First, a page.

The gospel according to “those in the know” is that all artists must learn to take criticism, rejections, and bad reviews in stride. The military model of this rule appears to be especially popular right now. Toughen up soldier, or you won’t make it. The publishing battlefield is littered with the corpses of weenies like you. Treat rejection like a marine treats . . . well, you get the idea.
The problem is that it’s extremely easy to turn this kind of self-protection into a mantra that stifles your artistic growth.
Here’s an analogy from my own life. My grandmother had very thick skin. In fact, she had a real rhino hide. You could bounce a quarter off her hand and she wouldn’t feel it. According to the experts, she should have been the next Nora Roberts, or Dean Koontz, right? Of course the experts mean this figuratively, but I’ve seen the literal results of growing a thicker skin. My grandmother’s thick skin resulted from scleroderma, an autoimmune disease that hardens your skin and makes you stiff, inflexible and in pain. Her thick skin became an iron cage around her lungs that choked her to death. Perhaps that’s why I find the admonition to grow a thicker skin so frighteningly off base.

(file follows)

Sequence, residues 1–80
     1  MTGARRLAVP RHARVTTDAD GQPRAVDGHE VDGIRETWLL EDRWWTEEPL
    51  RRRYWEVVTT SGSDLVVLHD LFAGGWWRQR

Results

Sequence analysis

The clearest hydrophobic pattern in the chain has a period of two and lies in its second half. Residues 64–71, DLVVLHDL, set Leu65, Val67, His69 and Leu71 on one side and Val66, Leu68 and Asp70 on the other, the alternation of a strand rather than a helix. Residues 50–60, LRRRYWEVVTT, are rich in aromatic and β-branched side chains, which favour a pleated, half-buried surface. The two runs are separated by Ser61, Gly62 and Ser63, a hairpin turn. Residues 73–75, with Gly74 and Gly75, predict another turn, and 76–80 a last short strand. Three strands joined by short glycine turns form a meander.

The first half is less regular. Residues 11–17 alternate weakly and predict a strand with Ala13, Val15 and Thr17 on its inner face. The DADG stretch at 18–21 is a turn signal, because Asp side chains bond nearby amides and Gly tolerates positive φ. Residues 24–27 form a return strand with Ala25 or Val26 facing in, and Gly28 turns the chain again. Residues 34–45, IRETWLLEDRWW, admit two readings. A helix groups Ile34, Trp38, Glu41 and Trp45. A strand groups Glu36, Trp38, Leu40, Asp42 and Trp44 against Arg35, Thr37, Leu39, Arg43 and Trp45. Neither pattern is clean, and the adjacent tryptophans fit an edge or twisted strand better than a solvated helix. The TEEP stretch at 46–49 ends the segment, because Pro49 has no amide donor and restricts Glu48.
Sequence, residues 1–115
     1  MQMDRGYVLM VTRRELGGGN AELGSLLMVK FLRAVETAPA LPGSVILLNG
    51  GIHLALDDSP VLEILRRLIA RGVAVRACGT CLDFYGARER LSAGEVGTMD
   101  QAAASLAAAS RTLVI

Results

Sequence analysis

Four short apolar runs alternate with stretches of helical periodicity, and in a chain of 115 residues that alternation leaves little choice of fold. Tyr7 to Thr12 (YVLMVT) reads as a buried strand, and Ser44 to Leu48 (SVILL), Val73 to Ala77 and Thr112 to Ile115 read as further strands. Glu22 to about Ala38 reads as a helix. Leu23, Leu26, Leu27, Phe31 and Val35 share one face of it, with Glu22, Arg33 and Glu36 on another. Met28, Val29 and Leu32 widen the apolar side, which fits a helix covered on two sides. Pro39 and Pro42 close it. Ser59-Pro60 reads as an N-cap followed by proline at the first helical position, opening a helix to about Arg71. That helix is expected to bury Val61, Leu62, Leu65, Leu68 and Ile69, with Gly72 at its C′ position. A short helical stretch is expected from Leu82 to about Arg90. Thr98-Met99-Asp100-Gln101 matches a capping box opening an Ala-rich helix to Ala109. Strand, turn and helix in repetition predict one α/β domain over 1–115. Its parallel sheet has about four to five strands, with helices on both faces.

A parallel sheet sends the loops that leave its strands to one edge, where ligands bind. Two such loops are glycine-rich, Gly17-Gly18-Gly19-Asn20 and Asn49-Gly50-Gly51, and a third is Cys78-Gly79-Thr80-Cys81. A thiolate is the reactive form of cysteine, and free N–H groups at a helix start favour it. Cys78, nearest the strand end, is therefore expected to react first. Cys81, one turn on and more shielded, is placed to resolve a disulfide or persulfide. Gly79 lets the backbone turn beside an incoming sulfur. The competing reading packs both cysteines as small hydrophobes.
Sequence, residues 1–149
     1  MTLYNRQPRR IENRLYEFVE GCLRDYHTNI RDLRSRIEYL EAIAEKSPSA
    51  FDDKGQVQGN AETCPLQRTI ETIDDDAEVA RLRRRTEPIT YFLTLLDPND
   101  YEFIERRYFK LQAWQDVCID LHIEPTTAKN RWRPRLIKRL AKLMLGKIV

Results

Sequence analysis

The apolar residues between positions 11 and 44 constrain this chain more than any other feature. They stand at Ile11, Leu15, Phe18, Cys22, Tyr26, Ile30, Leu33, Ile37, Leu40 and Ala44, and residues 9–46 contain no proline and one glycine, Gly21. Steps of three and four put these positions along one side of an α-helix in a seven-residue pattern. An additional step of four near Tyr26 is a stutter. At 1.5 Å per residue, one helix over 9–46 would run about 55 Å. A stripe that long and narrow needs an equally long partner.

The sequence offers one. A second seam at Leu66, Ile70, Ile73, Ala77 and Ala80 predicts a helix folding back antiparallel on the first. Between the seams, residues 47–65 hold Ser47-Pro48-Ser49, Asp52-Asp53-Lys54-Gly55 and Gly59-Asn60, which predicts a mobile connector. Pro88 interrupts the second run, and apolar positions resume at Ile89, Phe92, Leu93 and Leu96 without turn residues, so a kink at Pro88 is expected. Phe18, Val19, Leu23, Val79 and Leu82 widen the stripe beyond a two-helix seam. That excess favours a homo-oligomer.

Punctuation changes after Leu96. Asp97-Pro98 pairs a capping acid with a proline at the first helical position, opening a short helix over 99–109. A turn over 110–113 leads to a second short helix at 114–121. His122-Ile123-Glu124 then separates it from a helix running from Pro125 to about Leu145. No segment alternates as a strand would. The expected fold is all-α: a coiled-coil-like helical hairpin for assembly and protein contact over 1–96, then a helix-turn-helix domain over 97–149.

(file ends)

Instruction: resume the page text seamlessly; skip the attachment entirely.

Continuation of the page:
I think writers need to be as thin-skinned as possible. We must be permeable membranes that allow the world to flow in and out of us without resistance. We must cultivate flexibility, curiosity, and an insatiable appetite for the human experience. A thick skin makes that impossible because we are putting most of our energy into defending ourselves from real or perceived threats. A thick skin stunts us, hurts us far more than feeling the sting of criticism or absorbing another “thanks, but not for us” rejection on what you think is the best thing you’ve ever written.
What barriers stand between you and the world? Are they healthy? Necessary? Let me know what you think.